The ‘parable’ of the sheep and the goats in Matthew 25 video discussion

The gospel reading in the lectionary for the last Sunday before Advent (now known as ‘Christ the King’) is Matthew 25.31–46, the so-called ‘parable of the sheep and the goats’.

But it isn’t actually a parable (since there is no suggestion that ‘the kingdom of heaven is like this’), and isn’t really about sheep and goats (as we shall see). However, it is very well known, and is most commonly interpreted as an encouragement for followers of Jesus to care for the poor—which it isn’t.

James and Ian discuss how to read this teaching well, and what it really points us to. Come and join us!

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6 thoughts on “The ‘parable’ of the sheep and the goats in Matthew 25 video discussion”

  1. Well, I listened. I have to say after 30 minutes I was entirely unconvinced. Really serioulsy over thought on first hearing. Just by way of feedback I thought most of the first half was wasted (you just too too long to get to the point). However, far from being inspired by your new “reading” I was left flat and disappointed – this was such a small, exclusive reading of the gospel for me, like we all belong to a club or something. The unconditional conduct of good works to anyone we find, and finding Christ in everyone (not just the self declared Christian) seemed to be dismissed. If I can find another 30 minutes (or maybe just the last 10) I promise I’ll listen to it again in case I haven’t understood. All the better for being challenged, I enjoy that, butm as they say on Strictly, not your best dance. And James, you need to interrupt more……

    • Thanks for the feedback! If you want to think through the argument in your own time, you might like to read the accompanying article here:

      The reality is that the popular, contemporary, reading is the minority one in the history of interpretation.

      I cannot think of a single verse in all of Scripture which suggests ‘we find Christ in everyone’—and much in scripture that contradicts this.

      • 1850 you say, when the modern interpretation became popular? That was about the time schools began to be free and Sunday schools began to be popular. Perhaps ethical interpretations became popular as a way to teach morality? Children are still inculcated in ‘biblical’ ethics. Perhaps if your interpretation was taught to children in the first place they would not have to graduate to an adult view. ‘teach a child…’ etc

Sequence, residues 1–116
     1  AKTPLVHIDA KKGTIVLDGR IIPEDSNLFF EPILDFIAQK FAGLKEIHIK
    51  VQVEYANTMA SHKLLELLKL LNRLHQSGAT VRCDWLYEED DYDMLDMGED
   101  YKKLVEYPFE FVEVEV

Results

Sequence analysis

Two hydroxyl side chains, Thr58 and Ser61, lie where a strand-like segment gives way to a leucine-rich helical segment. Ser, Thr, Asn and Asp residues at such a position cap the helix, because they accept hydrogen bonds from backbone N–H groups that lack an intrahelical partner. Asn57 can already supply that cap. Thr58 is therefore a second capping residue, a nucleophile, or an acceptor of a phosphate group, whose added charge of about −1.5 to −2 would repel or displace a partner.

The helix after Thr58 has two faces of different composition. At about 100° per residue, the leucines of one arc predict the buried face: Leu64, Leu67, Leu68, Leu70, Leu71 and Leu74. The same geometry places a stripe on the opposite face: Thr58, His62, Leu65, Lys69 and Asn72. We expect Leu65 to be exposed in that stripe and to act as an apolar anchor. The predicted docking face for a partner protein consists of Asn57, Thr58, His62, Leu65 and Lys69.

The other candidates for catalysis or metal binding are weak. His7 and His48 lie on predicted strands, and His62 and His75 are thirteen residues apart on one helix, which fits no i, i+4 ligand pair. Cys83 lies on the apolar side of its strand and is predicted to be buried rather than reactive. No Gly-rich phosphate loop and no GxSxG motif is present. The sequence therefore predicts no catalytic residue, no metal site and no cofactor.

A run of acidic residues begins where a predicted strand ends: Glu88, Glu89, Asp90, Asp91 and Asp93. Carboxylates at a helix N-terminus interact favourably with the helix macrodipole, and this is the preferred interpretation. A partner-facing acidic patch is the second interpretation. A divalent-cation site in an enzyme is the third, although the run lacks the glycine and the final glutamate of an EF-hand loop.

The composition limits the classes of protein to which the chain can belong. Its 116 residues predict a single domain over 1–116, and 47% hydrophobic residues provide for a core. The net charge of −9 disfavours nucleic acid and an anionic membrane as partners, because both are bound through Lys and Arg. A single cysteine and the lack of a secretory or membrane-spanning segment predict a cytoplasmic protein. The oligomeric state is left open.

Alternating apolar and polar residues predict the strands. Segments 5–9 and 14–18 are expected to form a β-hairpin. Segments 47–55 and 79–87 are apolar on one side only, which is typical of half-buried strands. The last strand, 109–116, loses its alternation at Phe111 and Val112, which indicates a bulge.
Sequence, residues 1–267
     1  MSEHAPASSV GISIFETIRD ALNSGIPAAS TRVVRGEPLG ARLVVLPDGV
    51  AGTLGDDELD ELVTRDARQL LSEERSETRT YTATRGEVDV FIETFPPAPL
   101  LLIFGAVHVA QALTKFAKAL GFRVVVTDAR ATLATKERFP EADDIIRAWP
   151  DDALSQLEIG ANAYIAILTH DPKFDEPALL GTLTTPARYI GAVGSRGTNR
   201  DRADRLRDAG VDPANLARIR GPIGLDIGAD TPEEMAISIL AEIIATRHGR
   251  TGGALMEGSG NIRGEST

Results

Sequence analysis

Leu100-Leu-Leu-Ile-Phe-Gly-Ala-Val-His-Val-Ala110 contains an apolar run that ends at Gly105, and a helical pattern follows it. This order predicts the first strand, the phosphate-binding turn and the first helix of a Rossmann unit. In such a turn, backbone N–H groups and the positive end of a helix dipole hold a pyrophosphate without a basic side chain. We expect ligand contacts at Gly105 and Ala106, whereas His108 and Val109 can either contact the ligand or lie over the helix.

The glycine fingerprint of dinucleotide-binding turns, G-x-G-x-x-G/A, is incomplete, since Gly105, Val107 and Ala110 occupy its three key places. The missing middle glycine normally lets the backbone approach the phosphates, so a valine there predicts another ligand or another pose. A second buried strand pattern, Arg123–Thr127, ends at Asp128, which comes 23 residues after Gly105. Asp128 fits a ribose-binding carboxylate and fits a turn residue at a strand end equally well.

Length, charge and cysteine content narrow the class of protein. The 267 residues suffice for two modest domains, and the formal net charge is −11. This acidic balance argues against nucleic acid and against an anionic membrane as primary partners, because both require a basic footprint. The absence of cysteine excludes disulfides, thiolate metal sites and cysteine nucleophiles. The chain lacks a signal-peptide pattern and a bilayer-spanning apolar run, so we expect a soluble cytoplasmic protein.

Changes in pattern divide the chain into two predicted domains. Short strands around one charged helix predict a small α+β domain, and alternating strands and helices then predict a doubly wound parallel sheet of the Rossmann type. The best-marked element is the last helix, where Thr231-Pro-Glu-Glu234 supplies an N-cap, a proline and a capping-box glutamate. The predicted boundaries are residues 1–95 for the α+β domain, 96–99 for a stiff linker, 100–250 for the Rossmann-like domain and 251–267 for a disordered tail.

2. Of coarse this is the last part of the Olivet discourse ,a part of the whole.
    There is no sense of equality in the Kingdom of God or apparently in the rewards of heaven. We are all working towards a *degree* of awards/ rewards; hence
    Galatians 6:4 – But each one must examine his own work, and then he will have reason for boasting in regard to himself alone, and not in regard to another.
    That the common goat faces a devastating reward is awesome.
    But what of the Goat-Herders? It augers not well;
    Jam 3:1 My brethren, be not many masters, knowing that we shall receive the greater condemnation or in context;
    2 To show that a Christian man must govern his tongue with the bridle of faith and charity, he declareth the commodities and mischiefs that ensue thereof:  and how much man’s wisdom differeth from heavenly. My brethren, be not many masters, knowing that we shall receive the greater condemnation. GNV
    Lamentations 3:40 – Let us test and examine our ways, and return to the Lord!
    1 Corinthians 15:33 – Do not be deceived: “Bad company ruins good morals.”
    2 Corinthians 13:5 – Examine yourselves, to see whether you are in the faith. Test yourselves. Or do you not realize this about yourselves, that Jesus Christ is in you?—unless indeed you fail to meet the test!

  3. Hello!
    I am really struggling to understand this passage. If those who reject Christ are the goats it does make sense that they would be surprised at the judgement… the heart of man is deceitful above all ( Jer 17 v 9) but then the sheep would be those who accept Christ… surely they would recognise their shepherd and would be overjoyed but not surprised at the pronouncement of the King?
    What am I missing?
    I feel as if I am focusing on the wrong thing here.
    Can anyone help?


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